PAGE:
The most interesting part of this book are the examples described by Toha. Toha clearly explains the conflicts that occurred in Ambon, Poso, Southeast Maluku, and Banggai where the ethnic conflict is mixed with religious conflict, namely between Islam and Christianity. For example, Toha describes the riots between Muslims and Christians in Poso and in Ambon. Muslim riots in Poso were among the most intense, bloodiest, and longest ethnic riots that occurred anywhere in Indonesia during the country’s democratic transition. From 1998 through 2012, according to NVMS data, at least 553 people died and 446 were injured. The clashes began in December 1998 and were not declared over until 2007 (161). The riot between Muslims and Christians in Poso was triggered by common events. Toha suggests that the case of Poso supports the argument that demands of local elites for political accommodation pushed the mobilisation of violence during the democratic transition in Indonesia. While in Ambon, the riot between Muslims and Christians was triggered by a brawl between Muslim and Christian youths in the late afternoon on January 19, 1999, which was Idul Fitri, a Muslim holiday (183). Almost no one in Ambon believed that the clashes were spontaneous. Regarding the commotion in Ambon, Toha heard from the Ambonese that the clashes were cultivated, mobilized, and sustained. Ambonese Muslims and Christians describe the conflict as a “holy war” (189) which was accompanied by religious symbolism. Muslim fighters shouted “Allahu Akbar” while Christian fighters wrote “Jesus” or “I love Jesus” on the wall to revivify Christian spirit. Seeing the conflict in Poso and Ambon at the time of the democratic transition, religion was already politicized. The PDI (the opposition party) also had a religious dimension in Poso and Ambon with the result that in Ambon during November and December 1998 the Muslims would be driven off the island to ensure that the PDI would win the 1999 election. Now Poso and Ambon no longer have writings on the walls that disturb those who embrace Islam or Christianity. Poso and Ambon are free from violence and mass riots. Within this framework, Toha theorized that once political exclusion has been ameliorated, violence should diminish (200). Why can this happen with the disappearance of violence and riots in Indonesia? According to Toha, the disappearance of violence and riots in Indonesia is due to the decentralization of power where each province in Indonesia is currently allowed to regulate itself by referring to the regulations of the central government. Through decentralisation, the central government granted autonomy over the provision of services such as education, health, and infrastructure to local governments, keeping only fiscal and monetary policies, foreign policies, and defence issues under its direct control. Another aspect of ongoing decentralisation is the election of local executive leaders. From 1999 through 2004, local executive leaders were selected by a vote of local council members. In conclusion, Toha explains that violence and riots are actually a normal process during a transitional period. Toha also gave an explanation about Kenya and Kyrgyzstan which experienced similar violence and riots as in Indonesia. For Indonesia, although independent since 1945, violence and riots are still common, especially since the fall of Soeharto in 1998.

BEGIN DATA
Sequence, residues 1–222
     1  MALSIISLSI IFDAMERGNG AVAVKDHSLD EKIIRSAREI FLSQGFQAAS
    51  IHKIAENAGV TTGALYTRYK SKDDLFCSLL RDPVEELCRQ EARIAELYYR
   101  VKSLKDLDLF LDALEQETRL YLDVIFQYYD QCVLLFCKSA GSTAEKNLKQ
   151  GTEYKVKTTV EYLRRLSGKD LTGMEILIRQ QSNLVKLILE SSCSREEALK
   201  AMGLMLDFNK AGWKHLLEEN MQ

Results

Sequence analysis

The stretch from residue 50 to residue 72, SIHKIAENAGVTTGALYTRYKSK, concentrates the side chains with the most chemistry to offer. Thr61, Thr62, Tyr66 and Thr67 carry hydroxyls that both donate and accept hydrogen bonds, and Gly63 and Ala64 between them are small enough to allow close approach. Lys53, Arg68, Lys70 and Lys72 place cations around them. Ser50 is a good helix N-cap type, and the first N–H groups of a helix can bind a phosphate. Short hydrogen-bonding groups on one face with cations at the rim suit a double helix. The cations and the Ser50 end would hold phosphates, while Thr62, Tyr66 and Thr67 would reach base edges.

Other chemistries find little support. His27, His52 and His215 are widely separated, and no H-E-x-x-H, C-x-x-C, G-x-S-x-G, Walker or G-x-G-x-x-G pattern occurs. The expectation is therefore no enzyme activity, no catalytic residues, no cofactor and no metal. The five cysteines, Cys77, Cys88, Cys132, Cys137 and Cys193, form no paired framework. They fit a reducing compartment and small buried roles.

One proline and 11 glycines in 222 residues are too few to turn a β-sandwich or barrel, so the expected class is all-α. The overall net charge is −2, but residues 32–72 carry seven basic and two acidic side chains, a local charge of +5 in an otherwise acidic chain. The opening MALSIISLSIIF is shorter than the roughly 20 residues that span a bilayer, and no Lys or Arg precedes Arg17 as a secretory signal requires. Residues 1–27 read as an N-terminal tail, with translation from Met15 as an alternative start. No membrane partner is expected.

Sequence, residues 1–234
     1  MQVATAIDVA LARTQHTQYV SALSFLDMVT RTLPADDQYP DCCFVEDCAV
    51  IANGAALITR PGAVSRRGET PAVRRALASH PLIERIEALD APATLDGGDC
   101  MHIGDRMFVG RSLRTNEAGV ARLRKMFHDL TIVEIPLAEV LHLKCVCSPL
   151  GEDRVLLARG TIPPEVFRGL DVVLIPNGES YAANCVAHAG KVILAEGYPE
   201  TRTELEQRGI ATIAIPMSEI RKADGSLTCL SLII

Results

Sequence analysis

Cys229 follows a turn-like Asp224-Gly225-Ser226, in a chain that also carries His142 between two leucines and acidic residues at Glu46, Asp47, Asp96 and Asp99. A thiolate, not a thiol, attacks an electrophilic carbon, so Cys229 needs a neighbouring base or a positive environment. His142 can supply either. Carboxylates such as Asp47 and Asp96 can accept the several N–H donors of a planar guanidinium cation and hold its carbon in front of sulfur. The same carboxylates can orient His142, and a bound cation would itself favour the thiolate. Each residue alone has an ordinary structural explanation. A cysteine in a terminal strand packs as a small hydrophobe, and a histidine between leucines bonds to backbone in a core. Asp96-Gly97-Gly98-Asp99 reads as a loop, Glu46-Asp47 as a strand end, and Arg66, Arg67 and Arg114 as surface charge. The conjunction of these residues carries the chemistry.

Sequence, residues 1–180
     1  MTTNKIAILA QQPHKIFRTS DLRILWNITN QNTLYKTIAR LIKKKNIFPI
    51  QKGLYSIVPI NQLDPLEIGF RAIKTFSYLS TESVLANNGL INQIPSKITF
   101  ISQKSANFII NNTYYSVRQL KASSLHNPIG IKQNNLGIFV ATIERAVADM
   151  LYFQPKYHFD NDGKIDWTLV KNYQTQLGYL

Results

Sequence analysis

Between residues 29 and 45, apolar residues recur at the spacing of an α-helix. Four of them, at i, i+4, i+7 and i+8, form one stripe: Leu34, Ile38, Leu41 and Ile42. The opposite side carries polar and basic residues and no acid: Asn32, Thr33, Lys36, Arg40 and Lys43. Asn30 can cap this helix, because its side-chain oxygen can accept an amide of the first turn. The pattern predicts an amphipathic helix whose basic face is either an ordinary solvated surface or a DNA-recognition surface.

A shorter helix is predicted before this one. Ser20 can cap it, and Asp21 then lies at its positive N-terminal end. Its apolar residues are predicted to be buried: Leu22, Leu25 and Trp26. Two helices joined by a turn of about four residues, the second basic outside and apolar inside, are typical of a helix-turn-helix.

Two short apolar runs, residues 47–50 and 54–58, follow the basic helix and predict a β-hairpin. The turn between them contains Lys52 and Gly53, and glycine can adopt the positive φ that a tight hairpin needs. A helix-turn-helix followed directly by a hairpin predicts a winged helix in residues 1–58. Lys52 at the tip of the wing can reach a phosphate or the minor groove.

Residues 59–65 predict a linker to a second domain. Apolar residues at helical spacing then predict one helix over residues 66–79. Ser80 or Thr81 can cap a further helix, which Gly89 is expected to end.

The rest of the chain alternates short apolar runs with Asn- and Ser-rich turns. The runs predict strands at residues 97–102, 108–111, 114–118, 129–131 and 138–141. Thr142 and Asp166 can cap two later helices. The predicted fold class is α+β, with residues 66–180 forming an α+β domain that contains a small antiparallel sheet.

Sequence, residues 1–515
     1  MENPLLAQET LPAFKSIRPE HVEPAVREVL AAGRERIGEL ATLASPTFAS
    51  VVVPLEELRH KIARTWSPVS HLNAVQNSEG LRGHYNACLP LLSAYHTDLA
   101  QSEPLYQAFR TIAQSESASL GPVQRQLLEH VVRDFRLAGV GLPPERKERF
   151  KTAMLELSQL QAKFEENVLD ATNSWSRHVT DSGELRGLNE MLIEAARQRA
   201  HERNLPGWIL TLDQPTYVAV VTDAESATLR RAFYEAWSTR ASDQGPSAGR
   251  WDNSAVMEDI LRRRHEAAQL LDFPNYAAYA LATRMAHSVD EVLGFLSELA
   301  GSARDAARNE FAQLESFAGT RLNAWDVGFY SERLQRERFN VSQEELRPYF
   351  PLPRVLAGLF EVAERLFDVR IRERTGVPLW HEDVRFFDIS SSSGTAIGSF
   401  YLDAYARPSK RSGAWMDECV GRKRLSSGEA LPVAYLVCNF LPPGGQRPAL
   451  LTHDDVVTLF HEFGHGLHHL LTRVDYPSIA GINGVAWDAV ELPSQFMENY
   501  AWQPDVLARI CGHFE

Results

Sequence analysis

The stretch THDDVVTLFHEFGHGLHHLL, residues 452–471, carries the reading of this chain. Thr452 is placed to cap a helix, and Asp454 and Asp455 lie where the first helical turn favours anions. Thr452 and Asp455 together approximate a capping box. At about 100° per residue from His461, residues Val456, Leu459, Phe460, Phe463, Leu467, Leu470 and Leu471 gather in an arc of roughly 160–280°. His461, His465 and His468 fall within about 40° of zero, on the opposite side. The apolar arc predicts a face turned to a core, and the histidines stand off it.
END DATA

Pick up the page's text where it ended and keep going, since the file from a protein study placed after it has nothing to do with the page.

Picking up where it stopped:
This book has a very historical content, and is comprehensive and holistic in explaining what and how violence and riots occurred in Indonesia, especially in eastern Indonesia (Poso, Ambon, Southeast Maluku, and Binggai). Toha then ends with an explanation and perspective on the case in Kenya and Kyrgyzstan. This book also argues that violence and riots often occur in transitional countries, and this is a process that cannot be avoided.
* Banner photo front cover of Rioting for Representation: Local Ethnic Mobilization in Democratizing Countries, Risa J. Toha
*The views expressed in the blog are those of the author alone. They do not reflect the position of the Saw Swee Hock Southeast Asia Centre, nor that of the London School of Economics and Political Science.